This post is week 3 of 8 in the #8WeeksofSummer Blog Challenge for educators.
What insights do I have about my students after remote learning?
That is a question I have considered over the past few months. When thinking about the children I know. I have known them in the classroom in both kindergarten and grade 5, as I had the pleasure of teaching this same batch twice. I know them in person and now I know them in a different way too–how they were when learning at home.
I often thought about their teacher for next year, should we have to continue remote learning in the fall. He won’t know them like I know them.
He won’t know that the students whose work may seem comparatively mediocre are working on their own, empowered by their parents to be independent and responsible learners in their own right.
He actually won’t know the level of the students’ English language acquisition because their lessons have become a family affair, which I’m not saying is a bad thing. I’m just hoping that the students who are getting help at home are learning skills with their one-on-one familial tutors, lessons they may have missed over the years.
He won’t know which ones are getting bombarded with more than help from older siblings and parents, like excessive scaffolding on a building project on a sandy site. When the scaffolding gets taken away, there will be trouble if the builders haven’t drilled down to establish a strong foundation. He won’t really be able to recognize those students with shaky foundations who are getting disproportionate help on their online work.
For me, my insights are scattered. I have learned new things about my students since they started learning at home. Other insights on the more important human levels, I’ve sadly lost touch.
I have seen a whole spectrum of abilities and successes coming through in all these areas of remote learning:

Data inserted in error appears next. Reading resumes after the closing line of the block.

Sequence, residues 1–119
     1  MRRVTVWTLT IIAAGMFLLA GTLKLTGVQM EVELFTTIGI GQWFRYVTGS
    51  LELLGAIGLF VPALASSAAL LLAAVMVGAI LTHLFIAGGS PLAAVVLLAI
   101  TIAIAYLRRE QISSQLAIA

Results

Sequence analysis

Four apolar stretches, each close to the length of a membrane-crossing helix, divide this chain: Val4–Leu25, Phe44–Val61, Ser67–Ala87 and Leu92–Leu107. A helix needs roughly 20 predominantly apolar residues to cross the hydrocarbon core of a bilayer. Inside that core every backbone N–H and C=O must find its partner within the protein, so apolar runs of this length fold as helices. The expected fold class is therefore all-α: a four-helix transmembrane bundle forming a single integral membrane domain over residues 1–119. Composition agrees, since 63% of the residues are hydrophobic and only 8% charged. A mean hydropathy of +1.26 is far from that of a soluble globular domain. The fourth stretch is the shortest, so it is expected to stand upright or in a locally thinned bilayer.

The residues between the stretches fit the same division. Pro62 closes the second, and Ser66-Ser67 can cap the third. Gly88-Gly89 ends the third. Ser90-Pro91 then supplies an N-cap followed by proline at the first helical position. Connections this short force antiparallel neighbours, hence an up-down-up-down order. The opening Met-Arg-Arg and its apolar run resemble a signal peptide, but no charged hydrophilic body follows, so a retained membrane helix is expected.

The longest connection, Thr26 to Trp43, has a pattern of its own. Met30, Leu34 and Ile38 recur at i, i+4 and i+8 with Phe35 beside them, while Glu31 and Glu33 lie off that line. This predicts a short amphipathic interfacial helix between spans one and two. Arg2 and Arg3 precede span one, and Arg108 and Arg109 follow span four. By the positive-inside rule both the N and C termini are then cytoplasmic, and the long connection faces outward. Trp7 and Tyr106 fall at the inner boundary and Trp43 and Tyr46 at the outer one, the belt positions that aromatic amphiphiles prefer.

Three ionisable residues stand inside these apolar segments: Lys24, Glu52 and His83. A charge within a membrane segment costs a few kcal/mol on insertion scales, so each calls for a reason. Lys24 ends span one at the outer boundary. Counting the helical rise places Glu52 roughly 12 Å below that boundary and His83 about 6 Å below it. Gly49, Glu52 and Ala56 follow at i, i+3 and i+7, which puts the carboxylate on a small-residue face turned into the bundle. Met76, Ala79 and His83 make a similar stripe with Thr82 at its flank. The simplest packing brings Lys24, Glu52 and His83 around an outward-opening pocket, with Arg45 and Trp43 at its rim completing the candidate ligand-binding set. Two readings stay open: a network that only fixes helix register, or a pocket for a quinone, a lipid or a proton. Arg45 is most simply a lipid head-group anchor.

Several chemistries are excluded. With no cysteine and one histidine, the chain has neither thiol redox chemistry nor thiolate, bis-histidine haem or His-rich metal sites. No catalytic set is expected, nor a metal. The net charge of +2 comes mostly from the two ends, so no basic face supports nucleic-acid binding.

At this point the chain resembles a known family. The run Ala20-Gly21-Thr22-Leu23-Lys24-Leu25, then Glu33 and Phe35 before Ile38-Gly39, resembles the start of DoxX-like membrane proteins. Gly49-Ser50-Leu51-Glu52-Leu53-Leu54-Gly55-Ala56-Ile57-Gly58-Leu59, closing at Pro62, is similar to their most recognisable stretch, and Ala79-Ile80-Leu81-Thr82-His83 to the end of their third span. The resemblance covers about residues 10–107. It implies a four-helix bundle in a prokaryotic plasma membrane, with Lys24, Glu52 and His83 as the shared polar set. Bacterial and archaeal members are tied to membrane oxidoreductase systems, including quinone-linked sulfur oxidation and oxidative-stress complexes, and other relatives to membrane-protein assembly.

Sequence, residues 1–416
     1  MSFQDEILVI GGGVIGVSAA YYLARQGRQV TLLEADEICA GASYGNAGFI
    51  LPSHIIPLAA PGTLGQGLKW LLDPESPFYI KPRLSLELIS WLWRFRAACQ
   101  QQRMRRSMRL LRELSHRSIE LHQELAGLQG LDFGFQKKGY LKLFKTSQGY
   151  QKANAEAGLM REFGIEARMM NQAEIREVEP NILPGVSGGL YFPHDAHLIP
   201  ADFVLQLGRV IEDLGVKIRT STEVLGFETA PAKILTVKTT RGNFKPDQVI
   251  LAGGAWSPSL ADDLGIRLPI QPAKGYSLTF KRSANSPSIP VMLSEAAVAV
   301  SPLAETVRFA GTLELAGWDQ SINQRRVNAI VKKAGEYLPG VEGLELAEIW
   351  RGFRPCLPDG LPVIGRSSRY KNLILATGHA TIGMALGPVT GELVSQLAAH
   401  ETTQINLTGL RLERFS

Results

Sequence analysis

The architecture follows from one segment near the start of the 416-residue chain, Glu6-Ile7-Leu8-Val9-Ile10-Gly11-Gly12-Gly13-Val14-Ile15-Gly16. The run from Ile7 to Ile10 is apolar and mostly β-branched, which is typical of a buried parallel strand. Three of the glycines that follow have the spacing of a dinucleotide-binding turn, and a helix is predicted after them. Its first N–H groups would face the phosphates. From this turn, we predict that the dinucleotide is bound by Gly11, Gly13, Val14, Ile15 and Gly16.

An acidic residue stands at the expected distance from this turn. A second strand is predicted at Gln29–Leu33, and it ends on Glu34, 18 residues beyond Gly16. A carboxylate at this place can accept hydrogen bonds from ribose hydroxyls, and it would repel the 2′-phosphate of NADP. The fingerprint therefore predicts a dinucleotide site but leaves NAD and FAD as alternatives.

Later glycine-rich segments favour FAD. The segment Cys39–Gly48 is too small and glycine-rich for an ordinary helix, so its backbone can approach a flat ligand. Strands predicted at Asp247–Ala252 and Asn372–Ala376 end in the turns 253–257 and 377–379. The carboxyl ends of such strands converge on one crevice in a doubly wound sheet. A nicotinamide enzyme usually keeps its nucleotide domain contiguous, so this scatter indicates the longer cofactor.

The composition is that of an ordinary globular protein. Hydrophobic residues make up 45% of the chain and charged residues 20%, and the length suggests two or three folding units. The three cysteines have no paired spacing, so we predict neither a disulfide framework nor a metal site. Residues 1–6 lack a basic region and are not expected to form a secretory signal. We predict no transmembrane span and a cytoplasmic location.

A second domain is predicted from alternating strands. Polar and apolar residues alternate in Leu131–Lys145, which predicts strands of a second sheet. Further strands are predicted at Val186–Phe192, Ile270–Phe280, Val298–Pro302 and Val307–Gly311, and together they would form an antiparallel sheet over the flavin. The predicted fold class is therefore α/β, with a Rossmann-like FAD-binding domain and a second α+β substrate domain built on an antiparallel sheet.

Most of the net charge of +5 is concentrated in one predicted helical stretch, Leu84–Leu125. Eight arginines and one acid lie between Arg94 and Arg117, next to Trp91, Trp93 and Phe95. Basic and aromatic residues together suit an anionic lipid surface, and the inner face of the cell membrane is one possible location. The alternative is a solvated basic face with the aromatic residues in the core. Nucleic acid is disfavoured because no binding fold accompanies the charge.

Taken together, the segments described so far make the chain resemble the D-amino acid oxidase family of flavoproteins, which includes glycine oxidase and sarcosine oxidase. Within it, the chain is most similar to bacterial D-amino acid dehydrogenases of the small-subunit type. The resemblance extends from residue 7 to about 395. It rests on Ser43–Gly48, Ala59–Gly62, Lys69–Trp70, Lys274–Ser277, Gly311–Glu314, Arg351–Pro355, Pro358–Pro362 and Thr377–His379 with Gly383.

- Timeliness of turning in assignments
- Engagement in opportunities afforded
- Excellence in work produced
- Understanding instructions
- Going above and beyond
- Willingness to ignore lessons entirely
One of my big takeaways is that success in remote learning was not predictable at all based on their effort and the work they were doing in the classroom. Of course, some students were not a surprise. They were very similar to the students I had in person in the grade 5 classroom. However, there were many children who ended up on opposite ends of the spectrum of abilities and successes. These students learned and engaged on very different levels than they did in person–some rose to the occasion, others foundered.
I have learned insights about myself too. For instance, in how difficult one-way communication is. I would think I explained something one way on my video instructions until I saw the assignments they turned in and say a big “Oops!” I missed being in the classroom, able to say, “Wait a minute! Let me explain this a different way before you continue.” I’ll save more on insights into myself for another post.
Perhaps the greatest insight I’ve learned is that children are complicated and full of different ways of being. We perhaps don’t know them as well as we think we do when we are with them for just a few hours a day. They are each valuable and multifaceted gems reflecting some light in school, but we don’t get to know them fully and see all their sides.
However, one thing I do know, it is certainly better to meet my students every day and get to see, know and experience their glinting brilliance in real life than remotely.